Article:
Edward Sullam
Edward SullamEdward Sullam, an architect whose designs embodied mid-century Hawaiian architecture, passed away on May 10, 2022, at Straub Medical Center, Honolulu. He was 96 years old and died from pneumonia. Sullam was born in New York city on December 25, 1925, to Florence and Benveniste Sullam. As a youth, Ed Sullam was a gifted artist. He loved to draw and was admitted to Manhattan's prestigious High School of Music and Art. In 1942, he enlisted in the Navy and served as a radioman. His Navy service brought him to Hawaii in late 1944. After an honorable discharge from the Navy, Sullam returned to New York to marry Fredda Reich, whom he met at a Cooper Union drawing class. He studied architecture the Carnegie Institute of Technology, in Pittsburgh, Pennsylvania, graduating in 1950 with a bachelor's degree in architecture. After working for a large Los Angeles architectural firm, in 1955 he moved to Honolulu to work for Vladimir Ossipoff's firm.

Sullam worked for Ossipoff for three years, participating in the designs of the Pacific Club, Waikiki McInerny's, and the Diamond Head Apartments. In 1958, he opened his own practice. One of his first commissions was Temple Emanu-El in Nuuanu. Until 1993, when he retired, Sullam designed numerous residences on Oahu, Maui, Kauai, and Hawaii. Among his commercial projects were the Kaimuki Professional Building, Kailua Professional Building, and the old Wailea Town Center. He also designed the Koko Head District Park, Manoa Valley Theater, and renovations to the Waimea-Kohala Airport. Sullam served as president of the AIA's Hawaii Chapter in 1967. In 1972, he was designated an AIA Fellow, which recognizes member architects for their outstanding contributions to the profession.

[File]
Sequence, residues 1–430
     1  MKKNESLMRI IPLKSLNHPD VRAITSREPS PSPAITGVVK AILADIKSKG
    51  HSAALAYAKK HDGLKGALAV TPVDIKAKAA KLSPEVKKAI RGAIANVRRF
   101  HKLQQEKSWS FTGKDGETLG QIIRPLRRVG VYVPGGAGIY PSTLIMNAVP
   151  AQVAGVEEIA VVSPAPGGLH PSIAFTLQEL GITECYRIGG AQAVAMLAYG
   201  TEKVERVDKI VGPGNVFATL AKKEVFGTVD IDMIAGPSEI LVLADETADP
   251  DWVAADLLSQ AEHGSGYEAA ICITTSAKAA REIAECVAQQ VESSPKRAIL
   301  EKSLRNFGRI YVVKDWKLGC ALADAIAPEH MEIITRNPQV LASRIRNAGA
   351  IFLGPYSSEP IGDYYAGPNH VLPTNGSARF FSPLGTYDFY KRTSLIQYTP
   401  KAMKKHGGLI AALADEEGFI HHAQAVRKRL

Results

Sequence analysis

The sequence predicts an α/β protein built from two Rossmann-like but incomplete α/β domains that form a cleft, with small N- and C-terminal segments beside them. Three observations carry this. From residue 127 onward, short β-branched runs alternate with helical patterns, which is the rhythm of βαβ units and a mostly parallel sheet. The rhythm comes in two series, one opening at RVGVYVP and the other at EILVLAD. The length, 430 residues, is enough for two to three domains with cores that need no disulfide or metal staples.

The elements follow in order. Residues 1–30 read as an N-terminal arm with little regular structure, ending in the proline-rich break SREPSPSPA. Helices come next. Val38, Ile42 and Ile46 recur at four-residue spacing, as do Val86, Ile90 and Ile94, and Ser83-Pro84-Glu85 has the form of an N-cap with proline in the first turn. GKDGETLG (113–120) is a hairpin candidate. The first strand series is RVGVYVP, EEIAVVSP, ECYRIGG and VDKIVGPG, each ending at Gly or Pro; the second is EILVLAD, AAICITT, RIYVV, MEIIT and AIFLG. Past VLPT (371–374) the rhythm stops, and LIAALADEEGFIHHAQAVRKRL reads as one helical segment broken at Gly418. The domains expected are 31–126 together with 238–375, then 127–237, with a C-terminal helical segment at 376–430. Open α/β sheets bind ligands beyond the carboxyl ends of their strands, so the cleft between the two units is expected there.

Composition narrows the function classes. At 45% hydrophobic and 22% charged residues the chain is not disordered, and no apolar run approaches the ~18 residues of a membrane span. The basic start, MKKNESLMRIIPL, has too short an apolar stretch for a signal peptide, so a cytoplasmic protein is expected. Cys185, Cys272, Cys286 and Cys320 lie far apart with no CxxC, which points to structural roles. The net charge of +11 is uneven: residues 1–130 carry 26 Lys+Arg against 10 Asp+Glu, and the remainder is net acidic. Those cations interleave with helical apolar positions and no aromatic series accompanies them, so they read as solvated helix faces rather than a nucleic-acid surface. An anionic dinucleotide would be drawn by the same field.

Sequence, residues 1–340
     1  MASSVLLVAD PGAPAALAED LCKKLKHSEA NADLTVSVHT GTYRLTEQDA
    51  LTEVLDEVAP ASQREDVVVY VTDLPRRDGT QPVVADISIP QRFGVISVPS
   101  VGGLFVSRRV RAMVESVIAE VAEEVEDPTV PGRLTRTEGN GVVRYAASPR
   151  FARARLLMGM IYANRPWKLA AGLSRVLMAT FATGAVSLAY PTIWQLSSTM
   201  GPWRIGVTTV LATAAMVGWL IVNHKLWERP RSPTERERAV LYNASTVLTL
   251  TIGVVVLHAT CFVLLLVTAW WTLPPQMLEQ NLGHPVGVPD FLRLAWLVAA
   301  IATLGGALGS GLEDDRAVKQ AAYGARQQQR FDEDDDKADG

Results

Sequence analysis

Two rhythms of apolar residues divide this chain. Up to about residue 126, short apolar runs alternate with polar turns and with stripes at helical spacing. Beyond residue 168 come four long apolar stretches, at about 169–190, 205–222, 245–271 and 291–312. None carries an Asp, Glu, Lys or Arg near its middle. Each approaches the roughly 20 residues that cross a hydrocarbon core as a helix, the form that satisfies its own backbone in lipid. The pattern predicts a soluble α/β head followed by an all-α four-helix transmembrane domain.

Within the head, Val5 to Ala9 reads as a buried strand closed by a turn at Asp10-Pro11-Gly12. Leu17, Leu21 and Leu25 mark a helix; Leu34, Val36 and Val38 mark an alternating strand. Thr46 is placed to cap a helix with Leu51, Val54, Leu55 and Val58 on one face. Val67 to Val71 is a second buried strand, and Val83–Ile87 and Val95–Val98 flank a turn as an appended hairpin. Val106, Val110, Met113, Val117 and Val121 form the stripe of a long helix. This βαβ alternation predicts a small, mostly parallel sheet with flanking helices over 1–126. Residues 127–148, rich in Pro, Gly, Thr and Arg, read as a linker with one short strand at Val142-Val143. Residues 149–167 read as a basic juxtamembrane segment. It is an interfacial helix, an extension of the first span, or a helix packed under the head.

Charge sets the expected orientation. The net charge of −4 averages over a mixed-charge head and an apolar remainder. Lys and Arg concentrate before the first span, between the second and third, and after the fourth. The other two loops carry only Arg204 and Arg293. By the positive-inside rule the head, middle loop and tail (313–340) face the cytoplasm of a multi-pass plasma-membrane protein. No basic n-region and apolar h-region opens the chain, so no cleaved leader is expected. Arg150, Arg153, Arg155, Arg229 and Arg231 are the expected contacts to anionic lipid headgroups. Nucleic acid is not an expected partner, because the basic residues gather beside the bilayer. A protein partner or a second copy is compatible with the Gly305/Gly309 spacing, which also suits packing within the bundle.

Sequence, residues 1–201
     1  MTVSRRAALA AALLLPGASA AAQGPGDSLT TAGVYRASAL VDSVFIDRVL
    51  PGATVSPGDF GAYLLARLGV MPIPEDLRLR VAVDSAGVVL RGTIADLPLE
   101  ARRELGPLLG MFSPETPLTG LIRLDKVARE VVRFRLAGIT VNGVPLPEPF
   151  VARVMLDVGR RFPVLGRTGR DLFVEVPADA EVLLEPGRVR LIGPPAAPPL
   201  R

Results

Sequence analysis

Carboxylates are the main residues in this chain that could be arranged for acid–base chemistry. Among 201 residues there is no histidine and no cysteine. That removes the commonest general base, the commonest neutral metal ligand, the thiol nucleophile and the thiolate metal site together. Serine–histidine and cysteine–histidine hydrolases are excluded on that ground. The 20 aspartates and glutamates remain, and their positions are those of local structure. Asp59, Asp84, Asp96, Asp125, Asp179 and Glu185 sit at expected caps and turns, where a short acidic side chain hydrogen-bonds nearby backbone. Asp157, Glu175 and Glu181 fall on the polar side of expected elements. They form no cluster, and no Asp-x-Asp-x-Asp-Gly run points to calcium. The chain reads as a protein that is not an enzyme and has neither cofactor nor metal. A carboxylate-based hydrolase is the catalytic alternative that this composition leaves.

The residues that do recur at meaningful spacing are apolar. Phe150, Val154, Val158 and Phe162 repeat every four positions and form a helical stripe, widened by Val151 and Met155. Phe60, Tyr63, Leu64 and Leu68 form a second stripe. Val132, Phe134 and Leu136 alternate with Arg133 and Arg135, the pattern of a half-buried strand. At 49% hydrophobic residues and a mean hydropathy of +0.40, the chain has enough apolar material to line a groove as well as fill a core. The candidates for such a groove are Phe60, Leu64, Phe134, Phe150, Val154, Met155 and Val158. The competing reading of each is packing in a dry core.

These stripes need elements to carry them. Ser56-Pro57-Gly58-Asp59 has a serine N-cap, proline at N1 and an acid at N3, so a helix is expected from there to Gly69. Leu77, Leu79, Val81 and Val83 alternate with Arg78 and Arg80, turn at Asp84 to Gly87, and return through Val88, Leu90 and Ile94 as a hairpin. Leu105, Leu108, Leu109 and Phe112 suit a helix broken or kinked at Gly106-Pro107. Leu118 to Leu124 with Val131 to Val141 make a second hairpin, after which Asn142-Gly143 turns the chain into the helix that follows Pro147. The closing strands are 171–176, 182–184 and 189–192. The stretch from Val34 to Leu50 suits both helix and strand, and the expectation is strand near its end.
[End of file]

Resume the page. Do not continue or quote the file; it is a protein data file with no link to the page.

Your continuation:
Sullam maintained an active interest in local and national politics. He was a regular contributor to the letters to the editor pages of the Honolulu Advertiser and Star Bulletin. He enjoyed attending symphonic concerts and swam daily in the ocean. He and Fredda were also involved in championing better care for the severely mentally ill. They were founding members of the National Alliance for the Mentally Ill's Hawaii Chapter.

Fredda died in 2017. Sullam is survived by three sons: Brian of Baltimore, and his wife Susan; Steve of Honolulu, and his wife Karen Buzzard; and Paul of Honolulu; two grandchildren: Jennifer, of Baltimore, and Karen, of Bern, Switzerland; and three great grandchildren.

A memorial service will be held at Temple Emanuel-El on June 8 at 10 a.m. In lieu of flowers, donations in his name can be sent to NAMI Hawaii.

Arrangements Provided By: Oahu Mortuary

Our deepest condolences to the family and friends of the deceased